Homebrew Programming With Diodes


Diode matrices were one of the first methods of implementing some sort of read only memory for the very first electronic computers, and even today they can be found buried deep in the IPs of ASICs and other devices that need some form of write-once memory. For the longest time, [Rick] has wanted to build a ROM out of a few hundred diodes, and he’s finally accomplished his goal. Even better, his diode matrix circuit is actually functional: it’s a 64-byte ROM for an Atari 2600 containing an extremely simple demo program.

[Rick] connected a ton of 1N60 diodes along a grid, corresponding to the data and address lines to the 2600’s CPU. At each intersection, the data lines were either unconnected, or tied together with a diode. Pulling an address line high or low ([Rick] hasn’t posted a schematic) pulls the data line to the same voltage if a diode is connected. Repeat this eight times for each byte, and you have possibly the most primitive form of read only memory.

As for the demo [Rick] coded up with diodes? It displays a rainbow of colors with a black rectangle that can be moved across the screen with the joystick. Video below.

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The Basics of Frequency Modulation


[brmarcum] takes us back to analog building block basics with his Frequency Modulation and Demodulation tutorial. Frequency Modulation (FM) sounds simple at first, but understanding the electronics behind modulation and  demodulation of an FM signal can be confusing. We’ve covered the basics before, but FM is so tightly associated with broadcast radio that searches often become muddled with references to RF, stereo, antennas, and transmitters.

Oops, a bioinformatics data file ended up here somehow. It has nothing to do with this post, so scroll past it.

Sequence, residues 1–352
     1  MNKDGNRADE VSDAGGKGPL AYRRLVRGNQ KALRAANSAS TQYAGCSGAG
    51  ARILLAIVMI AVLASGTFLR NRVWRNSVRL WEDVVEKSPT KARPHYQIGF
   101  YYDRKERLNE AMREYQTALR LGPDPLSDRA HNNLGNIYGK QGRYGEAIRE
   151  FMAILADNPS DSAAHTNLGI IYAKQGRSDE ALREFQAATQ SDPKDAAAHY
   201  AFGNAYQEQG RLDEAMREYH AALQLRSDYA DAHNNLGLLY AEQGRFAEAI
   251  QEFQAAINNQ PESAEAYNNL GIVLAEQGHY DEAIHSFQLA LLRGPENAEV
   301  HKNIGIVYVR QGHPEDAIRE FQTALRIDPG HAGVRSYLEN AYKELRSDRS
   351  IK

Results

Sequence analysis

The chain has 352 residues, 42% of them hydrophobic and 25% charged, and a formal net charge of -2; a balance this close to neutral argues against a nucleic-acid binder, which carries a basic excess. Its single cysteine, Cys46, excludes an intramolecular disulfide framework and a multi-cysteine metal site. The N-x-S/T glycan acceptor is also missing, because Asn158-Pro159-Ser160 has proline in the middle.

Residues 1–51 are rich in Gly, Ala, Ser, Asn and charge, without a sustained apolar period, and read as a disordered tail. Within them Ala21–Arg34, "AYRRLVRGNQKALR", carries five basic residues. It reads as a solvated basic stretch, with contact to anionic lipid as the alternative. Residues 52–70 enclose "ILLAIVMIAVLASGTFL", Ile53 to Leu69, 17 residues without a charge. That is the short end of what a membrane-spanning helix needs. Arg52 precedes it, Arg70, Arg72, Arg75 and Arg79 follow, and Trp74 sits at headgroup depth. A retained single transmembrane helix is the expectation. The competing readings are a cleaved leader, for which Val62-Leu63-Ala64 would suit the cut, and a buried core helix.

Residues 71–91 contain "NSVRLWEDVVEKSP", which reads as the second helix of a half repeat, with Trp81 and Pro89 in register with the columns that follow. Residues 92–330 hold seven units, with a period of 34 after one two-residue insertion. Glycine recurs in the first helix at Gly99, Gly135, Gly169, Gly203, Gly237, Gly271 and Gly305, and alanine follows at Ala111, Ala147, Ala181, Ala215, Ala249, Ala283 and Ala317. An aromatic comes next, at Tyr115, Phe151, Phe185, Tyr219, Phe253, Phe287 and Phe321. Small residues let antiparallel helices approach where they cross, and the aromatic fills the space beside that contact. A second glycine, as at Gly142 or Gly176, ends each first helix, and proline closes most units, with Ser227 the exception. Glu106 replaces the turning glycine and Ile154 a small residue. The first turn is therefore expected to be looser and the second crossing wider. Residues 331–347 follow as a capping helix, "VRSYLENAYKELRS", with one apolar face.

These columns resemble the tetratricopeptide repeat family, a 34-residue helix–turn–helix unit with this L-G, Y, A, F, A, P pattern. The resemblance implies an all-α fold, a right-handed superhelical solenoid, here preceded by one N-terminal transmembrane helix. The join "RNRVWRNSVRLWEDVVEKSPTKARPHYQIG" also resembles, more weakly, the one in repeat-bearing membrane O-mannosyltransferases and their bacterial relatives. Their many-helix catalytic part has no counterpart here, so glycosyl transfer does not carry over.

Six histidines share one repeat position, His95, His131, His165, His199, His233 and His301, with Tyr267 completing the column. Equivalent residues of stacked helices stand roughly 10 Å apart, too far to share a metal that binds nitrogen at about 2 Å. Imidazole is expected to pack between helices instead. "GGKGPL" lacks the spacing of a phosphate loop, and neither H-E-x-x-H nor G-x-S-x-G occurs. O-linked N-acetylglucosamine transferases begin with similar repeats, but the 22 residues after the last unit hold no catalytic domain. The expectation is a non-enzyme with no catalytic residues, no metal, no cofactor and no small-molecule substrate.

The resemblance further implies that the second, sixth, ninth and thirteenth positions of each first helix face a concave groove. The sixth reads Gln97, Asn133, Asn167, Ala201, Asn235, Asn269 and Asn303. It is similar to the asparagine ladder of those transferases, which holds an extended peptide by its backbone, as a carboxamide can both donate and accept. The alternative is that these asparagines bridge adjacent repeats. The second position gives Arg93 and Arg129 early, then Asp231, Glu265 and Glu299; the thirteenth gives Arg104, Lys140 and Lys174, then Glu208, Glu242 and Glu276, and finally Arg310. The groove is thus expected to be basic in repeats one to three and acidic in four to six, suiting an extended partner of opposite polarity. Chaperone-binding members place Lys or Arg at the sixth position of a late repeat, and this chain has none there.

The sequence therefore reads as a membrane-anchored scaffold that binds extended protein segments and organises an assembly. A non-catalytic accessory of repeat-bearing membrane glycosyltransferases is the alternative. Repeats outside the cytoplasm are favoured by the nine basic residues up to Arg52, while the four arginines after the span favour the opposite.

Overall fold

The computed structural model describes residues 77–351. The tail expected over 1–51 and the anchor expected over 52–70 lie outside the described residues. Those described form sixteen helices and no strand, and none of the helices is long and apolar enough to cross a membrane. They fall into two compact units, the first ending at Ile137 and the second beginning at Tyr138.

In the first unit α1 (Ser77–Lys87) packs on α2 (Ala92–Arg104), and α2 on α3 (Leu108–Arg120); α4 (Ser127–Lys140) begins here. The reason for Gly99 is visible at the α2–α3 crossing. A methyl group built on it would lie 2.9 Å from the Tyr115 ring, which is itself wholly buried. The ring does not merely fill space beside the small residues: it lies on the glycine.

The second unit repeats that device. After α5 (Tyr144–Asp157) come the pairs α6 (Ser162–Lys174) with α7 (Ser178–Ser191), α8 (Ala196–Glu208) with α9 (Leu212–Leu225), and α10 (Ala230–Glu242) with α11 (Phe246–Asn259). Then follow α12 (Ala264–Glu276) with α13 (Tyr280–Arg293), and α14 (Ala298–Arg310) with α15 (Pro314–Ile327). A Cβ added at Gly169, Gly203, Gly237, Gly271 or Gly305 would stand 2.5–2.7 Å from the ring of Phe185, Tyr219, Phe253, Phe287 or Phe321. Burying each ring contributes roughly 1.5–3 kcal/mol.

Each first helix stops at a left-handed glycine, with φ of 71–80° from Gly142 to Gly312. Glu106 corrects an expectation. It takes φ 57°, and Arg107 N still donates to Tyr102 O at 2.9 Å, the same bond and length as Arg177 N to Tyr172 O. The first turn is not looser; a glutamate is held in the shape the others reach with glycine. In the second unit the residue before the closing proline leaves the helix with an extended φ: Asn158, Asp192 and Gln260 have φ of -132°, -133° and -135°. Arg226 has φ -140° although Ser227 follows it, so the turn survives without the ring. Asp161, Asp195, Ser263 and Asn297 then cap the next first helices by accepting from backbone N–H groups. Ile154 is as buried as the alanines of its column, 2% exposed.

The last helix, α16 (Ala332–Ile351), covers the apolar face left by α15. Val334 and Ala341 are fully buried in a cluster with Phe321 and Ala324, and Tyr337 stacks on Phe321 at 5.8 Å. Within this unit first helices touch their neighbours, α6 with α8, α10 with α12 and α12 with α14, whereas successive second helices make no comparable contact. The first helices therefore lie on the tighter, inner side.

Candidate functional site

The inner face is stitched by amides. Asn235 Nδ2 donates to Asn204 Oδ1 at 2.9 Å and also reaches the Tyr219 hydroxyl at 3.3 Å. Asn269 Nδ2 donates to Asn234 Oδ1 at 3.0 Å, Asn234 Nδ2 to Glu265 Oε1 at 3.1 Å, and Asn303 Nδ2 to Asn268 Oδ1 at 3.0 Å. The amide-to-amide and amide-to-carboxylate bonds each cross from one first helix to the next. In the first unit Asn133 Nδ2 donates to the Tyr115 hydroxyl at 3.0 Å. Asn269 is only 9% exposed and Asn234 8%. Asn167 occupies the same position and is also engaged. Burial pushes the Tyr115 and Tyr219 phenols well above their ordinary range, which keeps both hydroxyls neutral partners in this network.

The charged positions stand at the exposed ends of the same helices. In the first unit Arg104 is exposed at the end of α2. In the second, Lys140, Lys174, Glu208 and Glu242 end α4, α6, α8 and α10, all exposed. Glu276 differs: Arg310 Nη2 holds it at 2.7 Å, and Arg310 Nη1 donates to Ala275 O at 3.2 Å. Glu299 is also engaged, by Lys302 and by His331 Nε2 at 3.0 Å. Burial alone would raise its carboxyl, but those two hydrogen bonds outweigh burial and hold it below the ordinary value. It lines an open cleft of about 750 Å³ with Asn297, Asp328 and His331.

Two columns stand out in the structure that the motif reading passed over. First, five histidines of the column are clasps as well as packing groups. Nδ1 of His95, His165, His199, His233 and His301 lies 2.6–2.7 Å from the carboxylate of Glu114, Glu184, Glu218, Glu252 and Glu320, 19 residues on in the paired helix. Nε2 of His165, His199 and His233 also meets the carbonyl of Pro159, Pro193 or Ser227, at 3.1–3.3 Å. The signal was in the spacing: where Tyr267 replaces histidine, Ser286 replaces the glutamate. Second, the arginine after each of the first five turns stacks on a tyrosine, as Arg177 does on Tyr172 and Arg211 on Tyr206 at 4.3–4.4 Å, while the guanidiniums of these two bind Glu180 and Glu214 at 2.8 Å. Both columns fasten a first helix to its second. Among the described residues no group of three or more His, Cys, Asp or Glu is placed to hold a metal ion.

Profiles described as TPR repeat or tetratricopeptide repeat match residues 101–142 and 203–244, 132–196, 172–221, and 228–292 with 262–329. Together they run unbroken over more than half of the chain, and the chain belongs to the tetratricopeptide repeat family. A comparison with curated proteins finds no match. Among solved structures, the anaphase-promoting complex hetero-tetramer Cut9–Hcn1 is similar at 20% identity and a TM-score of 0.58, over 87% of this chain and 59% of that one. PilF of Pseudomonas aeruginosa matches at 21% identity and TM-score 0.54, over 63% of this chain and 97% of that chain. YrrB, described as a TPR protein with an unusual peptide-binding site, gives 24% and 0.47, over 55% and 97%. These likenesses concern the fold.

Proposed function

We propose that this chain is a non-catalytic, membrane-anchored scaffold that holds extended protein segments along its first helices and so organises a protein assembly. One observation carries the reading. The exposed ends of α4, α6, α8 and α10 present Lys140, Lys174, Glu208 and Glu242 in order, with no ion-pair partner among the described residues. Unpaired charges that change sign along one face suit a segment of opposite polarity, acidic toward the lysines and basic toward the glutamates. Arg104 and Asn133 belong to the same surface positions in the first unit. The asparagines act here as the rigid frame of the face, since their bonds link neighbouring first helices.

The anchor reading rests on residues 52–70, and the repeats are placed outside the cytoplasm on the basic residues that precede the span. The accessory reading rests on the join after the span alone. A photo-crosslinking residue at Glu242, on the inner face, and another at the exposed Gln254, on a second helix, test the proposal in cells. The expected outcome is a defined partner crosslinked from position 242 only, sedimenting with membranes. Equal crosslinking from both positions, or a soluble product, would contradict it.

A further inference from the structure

[brmarcum] hopes to fill that gap with a simple circuit that modulates an audio signal to FM, then demodulates and amplifies it to be played on a small speaker. He used a Digilent Analog Discovery kit in his experiments, but an oscilloscope (an older analog scope would be perfect here) would work for output. Signal generation duties could easily be handled by a 555 circuit at the low end, and a computer sound card at the higher end.

[brmarcum] obviously put some time into his tutorial, but it’s not a tome of FM modulation. He’s broken down the modulation and demodulation circuits into their basic op-amp stages with examples of what the signal should look like on a scope after each stage. That’s the beauty here. By building and testing each section, anyone new to analog can learn how things work. In places where the theory behind what’s going on gets too in-depth for an Instructable, [brmarcum] gives links to Wikipedia.

Precision Temperatures for Cooking or Whatever

sous-vide temp controller

If you have not heard of the sous-vide method of cooking you are not alone. This method uses a low temperature water bath to cook food in airtight plastic bags. Because the temperatures are much lower than normal the cooking time must be much longer and the actual temperature is very critical. The advantage is that the food is heated evenly without overcooking the outside. Since the food is bagged, it also retains moisture.

[Brian] put together a sous-vide control system to automatically maintain the correct temperature of a rice cooker. A temperature control unit was sourced on eBay for about $15. This is not a bad deal considering it has an LED display, control buttons, built-in relay and thermometer input. The control unit is mounted inside a project box with a few other components. The 120 volt AC line comes into the box where the neutral and ground are connected to the control unit and a standard outlet. The hot wire is connected directly to the control unit which determines if the hot wire is or isn’t connected to the outlet by using its built-in relay.

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The Hackaday Prize: Vote!